WA: What is ideal group size for the rowdiest of First D’s?
SM: 3-5 people is good.

WA: The thing you miss the most when you’re deep amongst it?!
SM: I love being out on the missions. I don’t miss too much, just stoked to be out there.

WA: What is the tally of first descents / expeditions have you done to date? 
SM: 4 or 5 1st D’s maybe and lots of expedition trips. 

WA: Which of the 7 continents have you done expeditions on?
SM: North & South America, and New Zealand.

WA: Most impressive / stoutest landscape of all your adventures?
SM: Hard to compare amazing places but the Noeick Rivers’ landscape was really amazing, I’ve got a lot of love for the Coast Range in BC summer and winter.

WA: Best / most valuable piece of equipment / gear?
SM: Good shoes & a fully stocked spliff kit that will stay dry and last the entire mission. 

WA: What is the equipment you use in case you need to be evacuated / keep in touch with those outside the expedition?
SM: inReach.

WA: One place you haven’t been yet, that you want to go?
SM: Madagascar.

WA: Expedition or trip you wouldn’t do again?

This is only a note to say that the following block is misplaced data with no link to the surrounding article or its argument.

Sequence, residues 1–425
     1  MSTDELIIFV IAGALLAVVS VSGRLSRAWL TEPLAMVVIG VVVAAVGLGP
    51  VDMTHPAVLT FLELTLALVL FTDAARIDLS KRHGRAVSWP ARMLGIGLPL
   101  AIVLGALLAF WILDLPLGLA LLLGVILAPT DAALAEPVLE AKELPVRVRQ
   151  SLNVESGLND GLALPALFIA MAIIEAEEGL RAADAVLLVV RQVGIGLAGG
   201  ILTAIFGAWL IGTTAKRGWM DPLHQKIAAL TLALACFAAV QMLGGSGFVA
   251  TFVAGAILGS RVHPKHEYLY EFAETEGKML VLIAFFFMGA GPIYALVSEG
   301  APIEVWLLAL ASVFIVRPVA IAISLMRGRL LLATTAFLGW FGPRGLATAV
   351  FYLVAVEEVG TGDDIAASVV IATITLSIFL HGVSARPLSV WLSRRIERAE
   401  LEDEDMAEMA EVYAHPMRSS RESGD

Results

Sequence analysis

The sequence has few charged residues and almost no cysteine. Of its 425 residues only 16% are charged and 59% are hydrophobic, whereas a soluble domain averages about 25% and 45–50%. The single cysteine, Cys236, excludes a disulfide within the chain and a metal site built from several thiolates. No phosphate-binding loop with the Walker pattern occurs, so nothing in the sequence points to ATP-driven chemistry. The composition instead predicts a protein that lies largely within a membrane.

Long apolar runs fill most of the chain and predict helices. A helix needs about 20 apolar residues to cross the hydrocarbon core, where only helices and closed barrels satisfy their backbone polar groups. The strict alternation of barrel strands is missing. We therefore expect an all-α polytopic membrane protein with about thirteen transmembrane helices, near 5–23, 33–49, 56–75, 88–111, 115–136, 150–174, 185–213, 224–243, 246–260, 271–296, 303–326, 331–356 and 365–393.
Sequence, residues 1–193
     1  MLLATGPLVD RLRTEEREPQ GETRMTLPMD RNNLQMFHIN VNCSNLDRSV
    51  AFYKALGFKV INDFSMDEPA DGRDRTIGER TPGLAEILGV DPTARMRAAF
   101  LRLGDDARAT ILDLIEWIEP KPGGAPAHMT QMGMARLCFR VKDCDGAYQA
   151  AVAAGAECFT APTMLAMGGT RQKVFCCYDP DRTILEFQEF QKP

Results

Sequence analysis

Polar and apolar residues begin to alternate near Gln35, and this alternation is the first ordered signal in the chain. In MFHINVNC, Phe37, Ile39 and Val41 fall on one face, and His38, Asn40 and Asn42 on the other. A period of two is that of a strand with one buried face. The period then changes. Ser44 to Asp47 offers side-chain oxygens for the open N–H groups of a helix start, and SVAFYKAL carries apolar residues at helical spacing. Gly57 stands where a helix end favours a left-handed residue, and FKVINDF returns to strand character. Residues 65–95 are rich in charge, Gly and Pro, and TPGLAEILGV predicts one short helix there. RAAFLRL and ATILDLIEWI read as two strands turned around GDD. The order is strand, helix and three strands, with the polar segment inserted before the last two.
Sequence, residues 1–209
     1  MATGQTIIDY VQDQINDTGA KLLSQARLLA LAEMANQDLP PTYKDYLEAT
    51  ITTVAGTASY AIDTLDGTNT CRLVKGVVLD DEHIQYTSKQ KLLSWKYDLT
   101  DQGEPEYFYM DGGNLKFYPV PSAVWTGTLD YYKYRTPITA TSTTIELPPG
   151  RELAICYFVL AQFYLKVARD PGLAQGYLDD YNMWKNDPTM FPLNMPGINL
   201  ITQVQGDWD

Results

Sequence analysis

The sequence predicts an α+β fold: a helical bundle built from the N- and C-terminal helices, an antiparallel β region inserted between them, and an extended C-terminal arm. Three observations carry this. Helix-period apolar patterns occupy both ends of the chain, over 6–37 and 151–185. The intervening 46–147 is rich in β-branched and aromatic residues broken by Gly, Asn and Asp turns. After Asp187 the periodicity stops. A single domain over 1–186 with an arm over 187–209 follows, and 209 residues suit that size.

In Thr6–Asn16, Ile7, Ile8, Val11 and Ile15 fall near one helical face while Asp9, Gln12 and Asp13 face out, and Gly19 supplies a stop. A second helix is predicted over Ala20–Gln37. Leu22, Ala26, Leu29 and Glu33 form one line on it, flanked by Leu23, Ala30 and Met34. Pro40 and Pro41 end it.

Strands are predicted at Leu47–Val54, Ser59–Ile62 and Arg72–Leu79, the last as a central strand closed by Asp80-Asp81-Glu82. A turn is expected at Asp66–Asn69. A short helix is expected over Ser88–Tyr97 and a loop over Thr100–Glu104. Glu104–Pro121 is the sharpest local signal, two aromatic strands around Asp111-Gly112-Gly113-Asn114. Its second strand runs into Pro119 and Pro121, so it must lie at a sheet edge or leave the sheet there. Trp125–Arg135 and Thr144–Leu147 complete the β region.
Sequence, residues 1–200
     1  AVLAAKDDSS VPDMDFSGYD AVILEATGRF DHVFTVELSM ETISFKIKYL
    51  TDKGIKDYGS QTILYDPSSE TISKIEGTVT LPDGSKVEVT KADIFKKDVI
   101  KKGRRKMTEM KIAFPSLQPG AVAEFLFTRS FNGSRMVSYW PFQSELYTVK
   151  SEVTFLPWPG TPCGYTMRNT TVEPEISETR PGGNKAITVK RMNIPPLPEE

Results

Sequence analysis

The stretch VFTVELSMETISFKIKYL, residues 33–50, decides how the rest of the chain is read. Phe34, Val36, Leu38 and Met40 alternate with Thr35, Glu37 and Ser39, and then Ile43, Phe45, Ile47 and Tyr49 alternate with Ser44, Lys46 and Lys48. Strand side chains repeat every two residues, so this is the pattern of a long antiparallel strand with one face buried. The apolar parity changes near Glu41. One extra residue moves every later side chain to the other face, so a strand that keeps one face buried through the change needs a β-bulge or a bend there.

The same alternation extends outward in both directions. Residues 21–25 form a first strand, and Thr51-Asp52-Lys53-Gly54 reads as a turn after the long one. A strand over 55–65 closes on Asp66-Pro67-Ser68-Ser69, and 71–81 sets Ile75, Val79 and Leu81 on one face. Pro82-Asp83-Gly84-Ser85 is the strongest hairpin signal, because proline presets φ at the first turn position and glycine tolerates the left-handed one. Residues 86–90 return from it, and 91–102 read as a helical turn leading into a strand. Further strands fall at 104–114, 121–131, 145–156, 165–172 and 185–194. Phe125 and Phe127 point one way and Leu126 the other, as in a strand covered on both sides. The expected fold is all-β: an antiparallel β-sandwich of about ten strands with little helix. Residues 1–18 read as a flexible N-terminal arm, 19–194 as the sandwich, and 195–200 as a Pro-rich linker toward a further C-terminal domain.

SM: I don’t want to rule out a rebate on anything that I’ve done yet.

WA: Expedition plan for 2020 or near future?
SM: BC Coast Range mission, the next one might be the one.

WA: Advice you’d give to up and coming adventurers?
SM: Get out there and give it.

WA: One thing you have learned while in quarantine?
SM: I’ve learned that some people should be banned from social media.

WA: Sponsor shoutouts?
SM: Shout out Chris and Eddie Bauer for the support.

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JULES DOMINE

Whitewater Awards: Who’s idea was this expedition and how did it come to be?!
Jules Domine: The legend says that Benny Marr scoped that river on google earth first, but it was Chris who actually made it happen – He put an incredible amount of time into preparing this one!